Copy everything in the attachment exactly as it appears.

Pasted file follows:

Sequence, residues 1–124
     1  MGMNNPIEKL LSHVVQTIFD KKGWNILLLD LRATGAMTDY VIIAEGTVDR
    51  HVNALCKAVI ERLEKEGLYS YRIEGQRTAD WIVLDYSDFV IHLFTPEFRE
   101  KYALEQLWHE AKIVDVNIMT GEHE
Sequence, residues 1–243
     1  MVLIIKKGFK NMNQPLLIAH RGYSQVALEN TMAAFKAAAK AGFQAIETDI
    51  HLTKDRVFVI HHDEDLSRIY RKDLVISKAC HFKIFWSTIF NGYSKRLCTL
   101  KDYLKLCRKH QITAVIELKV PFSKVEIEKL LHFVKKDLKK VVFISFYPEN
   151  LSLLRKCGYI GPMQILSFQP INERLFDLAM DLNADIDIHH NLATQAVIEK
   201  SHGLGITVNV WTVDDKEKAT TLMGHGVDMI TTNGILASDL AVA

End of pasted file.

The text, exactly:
Sequence, residues 1–124
     1  MGMNNPIEKL LSHVVQTIFD KKGWNILLLD LRATGAMTDY VIIAEGTVDR
    51  HVNALCKAVI ERLEKEGLYS YRIEGQRTAD WIVLDYSDFV IHLFTPEFRE
   101  KYALEQLWHE AKIVDVNIMT GEHE
Sequence, residues 1–243
     1  MVLIIKKGFK NMNQPLLIAH RGYSQVALEN TMAAFKAAAK AGFQAIETDI
    51  HLTKDRVFVI HHDEDLSRIY RKDLVISKAC HFKIFWSTIF NGYSKRLCTL
   101  KDYLKLCRKH QITAVIELKV PFSKVEIEKL LHFVKKDLKK VVFISFYPEN
   151  LSLLRKCGYI GPMQILSFQP INERLFDLAM DLNADIDIHH NLATQAVIEK
   201  SHGLGITVNV WTVDDKEKAT TLMGHGVDMI TTNGILASDL AVA